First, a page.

Quick and Dirty Deal Analysis

The best way to make a good investment is to understand and appreciate the fundamentals. The basic financial concepts provide an investor the tools necessary to distinguish a good investment from a bad one. It helps to answer questions such as; how can an asset increase in value and provide a good return? How can you invest to minimize your risk and create more wealth?

Being able to evaluate an investment from a financial perceptive is crucial if you want to succeed in business. While there are a lot of factors to consider, the core fundamentals are what would give you an accurate assessment to make good financial decisions.
If you can add up all income and expanses an investment makes you off to a good start! If we look at the properties and an investment class, if you take annual gross income property makes and subtracts its annual expenses, you can calculate the properties NOI or net operating income. This as an important number to consider especially if you considering to scale up and acquire more assets. There’s a lot to NOI that would require a chapter alone, but we keeping it simple here, after all, this supposed to be a quick and easy calculation.
Return-on-Investment (ROI) is a percentage that measures how much cash a property generates annually in comparison to how much cash you contributed upfront to acquire the investment. ROI also referred to as the Cash-on-Cash Return, is an important metric when determining the feasibility of investment.

ROI = (Annual Cash Flow / Initial Cash Investment) x 100

These two concepts, ROI and NOI, might seem overly simplistic but understanding their implications on an investment can help to appreciate the importance of cash. The short term decision based on these fundamental concepts has irreversible long-term implications.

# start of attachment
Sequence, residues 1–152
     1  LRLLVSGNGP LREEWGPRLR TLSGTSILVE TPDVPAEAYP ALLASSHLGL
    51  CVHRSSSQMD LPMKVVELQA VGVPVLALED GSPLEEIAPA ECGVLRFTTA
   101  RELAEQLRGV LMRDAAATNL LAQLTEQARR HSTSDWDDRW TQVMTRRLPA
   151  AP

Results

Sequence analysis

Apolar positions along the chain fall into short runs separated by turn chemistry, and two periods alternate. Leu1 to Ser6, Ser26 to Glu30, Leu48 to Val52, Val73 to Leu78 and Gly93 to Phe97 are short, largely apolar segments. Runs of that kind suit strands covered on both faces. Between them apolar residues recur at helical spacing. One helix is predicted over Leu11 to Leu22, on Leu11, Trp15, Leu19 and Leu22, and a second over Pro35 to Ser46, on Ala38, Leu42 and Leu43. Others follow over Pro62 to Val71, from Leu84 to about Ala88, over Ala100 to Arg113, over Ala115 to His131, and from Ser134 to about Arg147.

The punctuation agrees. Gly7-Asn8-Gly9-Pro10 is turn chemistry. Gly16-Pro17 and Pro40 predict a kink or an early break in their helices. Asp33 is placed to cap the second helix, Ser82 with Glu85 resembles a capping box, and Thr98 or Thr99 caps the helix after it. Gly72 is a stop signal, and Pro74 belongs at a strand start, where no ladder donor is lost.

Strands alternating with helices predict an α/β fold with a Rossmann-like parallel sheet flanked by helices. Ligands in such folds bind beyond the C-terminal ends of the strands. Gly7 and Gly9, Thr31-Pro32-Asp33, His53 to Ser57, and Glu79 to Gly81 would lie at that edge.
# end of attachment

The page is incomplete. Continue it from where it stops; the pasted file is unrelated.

Case Study

Randy is a full-time IT professional that is looking to put some of his hard-earned capital into property investments. Randy enlist the help of a reputable agent who sends him an email for an opportunity that just opened up. The agent provides Randy with an opportunity to buy a 3 bedroom unit in a well know area for R500K. The apartment will generate R120K per year, this is the Gross Income Randy could expect.
Next Randy adds up all the operating expenses such as maintenance and repairs, insurance, property tax, levies, advertising, etc. The total annual expenses for the unit comes up to R50K.
Randy works out the NOI by subtracting the annual operating expenses from the annual gross income:

NOI = Annual Gross Income / Annual Operating Expanses

NOI = R120K – R50K

NOI = R70K

Randy is going to leverage the bank’s money to help him finance 80% of the purchase price. Leaving Randy to come up with R100K at closing.

Bank Finance      R400,000

Cash                +  R100,000

Total                     R500,000 

The bank is able to finance the deal at a 10% annual interest rate with a 20 year amortization period. The resulting bond payment being R3,915.32 per month, so lets round that off to R48,000 per year. This is called your annual debt service. 

Now let’s calculate our ROI by subtracting the net operating income from the annual debt service:

Net Operating Income     R70,000

Annual Debt Service    –   R48,000

Cash Flow                        R22,000 

Since Randy put R100K of his own cash, he positions himself to receive a return-on-investment of  22% in the first year of operation.

ROI =  (Annual Cash flow / Initial Cash Investment) x 100

ROI = (R22,000 / R100,000) x 100

ROI = 22%

We can also make a calculated assumption that Randy is in a place to get all his money back in 4.5 years:

Payback Period = Initial Cash Investment / Annual Cash flow

Payback Period = R100,000/R20,000

Payback Period = 4.5 years

Now let’s consider that Randy is decreasing his debt by using his cash flow to pay down his principle on the bank loan. In this scenario, your principle pays down after 5 years will total approximately R183K. This principle pay-down can eventually be accessed by refinancing the property, increasing Randy’s cash flow to approximately R44,500 annually, that’s a 44.5% return-on-investment…Cha-Ching!

This is not even taking into account other strategies such a depreciation, tax-incentives, and ways of reducing expenses that can boost Randy’s cash flow. By strategically putting cash to work in places that will boost his NOI, Randy can accelerate his growth by acquiring more properties and recycling this strategy.

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